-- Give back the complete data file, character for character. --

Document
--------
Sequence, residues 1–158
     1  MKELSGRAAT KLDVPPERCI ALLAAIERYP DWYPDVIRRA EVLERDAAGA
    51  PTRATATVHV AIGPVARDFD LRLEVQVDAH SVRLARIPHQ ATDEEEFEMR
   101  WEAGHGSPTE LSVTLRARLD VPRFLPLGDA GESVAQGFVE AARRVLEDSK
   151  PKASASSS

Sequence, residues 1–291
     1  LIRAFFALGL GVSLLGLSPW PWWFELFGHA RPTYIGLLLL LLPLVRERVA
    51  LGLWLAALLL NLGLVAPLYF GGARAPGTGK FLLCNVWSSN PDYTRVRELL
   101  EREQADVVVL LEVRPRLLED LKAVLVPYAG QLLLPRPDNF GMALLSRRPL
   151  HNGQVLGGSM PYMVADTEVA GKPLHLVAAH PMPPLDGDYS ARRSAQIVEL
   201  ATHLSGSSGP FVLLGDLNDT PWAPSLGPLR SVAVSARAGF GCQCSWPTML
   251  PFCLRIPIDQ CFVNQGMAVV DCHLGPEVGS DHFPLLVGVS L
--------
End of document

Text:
Sequence, residues 1–158
     1  MKELSGRAAT KLDVPPERCI ALLAAIERYP DWYPDVIRRA EVLERDAAGA
    51  PTRATATVHV AIGPVARDFD LRLEVQVDAH SVRLARIPHQ ATDEEEFEMR
   101  WEAGHGSPTE LSVTLRARLD VPRFLPLGDA GESVAQGFVE AARRVLEDSK
   151  PKASASSS

Sequence, residues 1–291
     1  LIRAFFALGL GVSLLGLSPW PWWFELFGHA RPTYIGLLLL LLPLVRERVA
    51  LGLWLAALLL NLGLVAPLYF GGARAPGTGK FLLCNVWSSN PDYTRVRELL
   101  EREQADVVVL LEVRPRLLED LKAVLVPYAG QLLLPRPDNF GMALLSRRPL
   151  HNGQVLGGSM PYMVADTEVA GKPLHLVAAH PMPPLDGDYS ARRSAQIVEL
   201  ATHLSGSSGP FVLLGDLNDT PWAPSLGPLR SVAVSARAGF GCQCSWPTML
   251  PFCLRIPIDQ CFVNQGMAVV DCHLGPEVGS DHFPLLVGVS L